Reading about Lewis and Clark, Nathaniel Pryor, Austin, and others… I’m beginning to realize that the view of the pioneers we’re taught in school is really wrong. These men who were leaders were educated pioneers and extremely connected in society and by marriage. They weren’t the ‘coon skin cap wearin’ hicks that the movies and some teachers portrayed. It was true then and still true— gotta have an education to get ahead.

If the 1812 record for Nathan Pryor is the same as Nathaniel, he was an adjutant, an assistant to high ranking officers. This position probably entailed reading and writing messages. When I’ve looked at St. Louis court documents that name Nathaniel Pryor, he signed his own name to these documents.

Betty (TXOld300) who has been researching William Pryor reports that he signed his will in Texas indicating that he too was literate.

Recognizing an ancestor’s level of education helps to understand who they were and how they interacted in their world. Education also is a clue to where to look for further documentation to flesh-out the story of our family tree.

Trombonist Arthur Pryor – His Missouri Family Found!

Was it really almost 3 years ago I last wrote about the genealogy of St Joseph trombonist Arthur Pryor? (http://famous-pryors/trailing-trombonist-arthur-pryor/)  How time flies when you’re chasing Pryors!

This week we made great headway and I hope to hear from other researchers to fill in the blanks. Multiple biographic articles written during his lifetime state that Arthur’s father was the son of Samuel Pryor born 1844 in Clay County, MO.  I speculated, but we now know who were Arthur’s aunts and uncles.

James T. Pryor. He was born January 1830 per the 1900 Census in St. Joseph.  In 1870 he stated his place of birth was IN, however in 1880 and 1900 he stated his place of birth as NC. The tie-breaker for his place of birth was the description for his enlistment in the Union Army during the Civil War: he was born in Guilford, NC. James’ kinship with Arthur Pryor was suspected because a grandson was remembered as a cousin of the bandmaster in an obituary.  James Pryor’s obituary was found this week in Google News  – the St. Joseph News-Press on April 4, 1907 stated “Arthur Pryor’s Uncle Dead.”

Emsley R. Pryor. He was born in the 1830’s in North Carolina per the 1870 and 1880 Census in St. Joseph. I had already “penciled in” Emsley as kin to Samuel and Arthur Pryor because Emsley was a bugler during the Civil War – he just seemed likely to be part of this musical family. Emsley’s connection to Arthur Pryor was confirmed by his son Frank Pryor’s obituary which stated he was the cousin of Arthur Pryor.

Robert Pryor. Born 1841 in Missouri per census records where in 1860 he was recorded in Buchanan Co. as simply R. Prior. Robert’s connection to the other Pryor brothers was found in his Civil War records. Robert and James T. Pryor went AWOL in 1863 and were arrested in 1864 in Bellview, NJ. Their military records indicate they were returned to the Midwest. His description for his enlistment in the Union Army: he was born in Clay County, MO. In 1870 Robert was back in St. Jo, married with children, and an Alice Pryor (his sister ) living with his family.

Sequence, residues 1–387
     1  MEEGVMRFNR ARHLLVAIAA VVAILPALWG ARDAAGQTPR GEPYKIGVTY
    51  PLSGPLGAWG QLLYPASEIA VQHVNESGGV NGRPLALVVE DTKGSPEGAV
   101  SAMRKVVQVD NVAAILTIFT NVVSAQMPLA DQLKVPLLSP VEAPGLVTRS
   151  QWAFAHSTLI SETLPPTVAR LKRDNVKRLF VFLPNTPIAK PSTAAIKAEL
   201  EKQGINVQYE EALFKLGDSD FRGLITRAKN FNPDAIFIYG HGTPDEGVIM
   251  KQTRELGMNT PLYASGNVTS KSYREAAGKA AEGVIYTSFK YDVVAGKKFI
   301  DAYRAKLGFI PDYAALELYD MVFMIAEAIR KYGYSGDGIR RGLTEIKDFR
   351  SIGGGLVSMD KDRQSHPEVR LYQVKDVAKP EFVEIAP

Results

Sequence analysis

Samuel D. Pryor. Born 1844 in Liberty, Clay County, MO.  Alas no sign of Samuel, his brothers or his parents on the 1850 Census in Clay Co. It’s suspected that he is the same person who was drafted as “Samuel Pryor” into the Union Army in 1863 with his Pryor brothers, however no service files have been located on Samuel Pryor. It should be noted that the Samuel Pryor who was drafted listed his occupation as “gentleman” as did an Alph Pryor, while Emsley and James T. listed their occupations as “laborer.” After the Civil War Samuel lived briefly with his wife and children in Midland, NE (1875 NE State Census) and then the family lived in Dallas, TX. Samuel Pryor is on the 1870 through 1900 US Census in Buchanan Co., MO.

Alice Pryor. Born 1847 in Texas. The Pryors may have migrated to the Republic of Texas or just after it became a state.  Alice Pryor is on the 1870 Census in St. Joseph, MO—she was counted twice. She was first counted in a rooming house with Ida Stone age 8 (Ida later lived with Samuel Pryor and family). She was next counted with her brother Robert Pryor.  In 1880 Alice may have been recorded on the census twice AGAIN. There is a musician Alice Pryor living in a St. Jo boarding house with an operatic company. The same year she was counted as “A. Hughs” in St. Jo with her husband John H. Hughes, nephew Robert S. Stone, and a brother named “A Prior” who was a musician.  Alice is on the 1900 census with her husband this time Robert is identified as her “nephew.” Alice Pryor Hughes died November 14, 1923 (Missouri Death Certificate) and her obituary (again thanks to the St. Joseph News-Press and Google News! ) states she was the sister of Samuel Pryor and Arthur Pryor’s aunt. It also confirms her relationship with Emsley Pryor by naming his children as her relations.

Mrs. Stone. There is probably another sister who married a Mr. Stone. She is possibly the mother of Ida  Stone born 1872 and son Robert S. Stone born 1868—they lived with Alice Pryor at various times.

Mr. A. Pryor. He was born in 1835 and is probably another brother. An “A Prior” was living with Alice Pryor Hughes on the 1900 US census, recorded as a brother,  and was also a musician. He may be Alph Pryor who joined the Union Army in 1863 in Buchanan Co., MO. He may be the “A. Prior” who was living near Robert Pryor on the 1860 Census in St. Joseph.

Can you unlock the identity of Samuel’s other siblings?

Isn’t fun we start to solve a line of Pryors!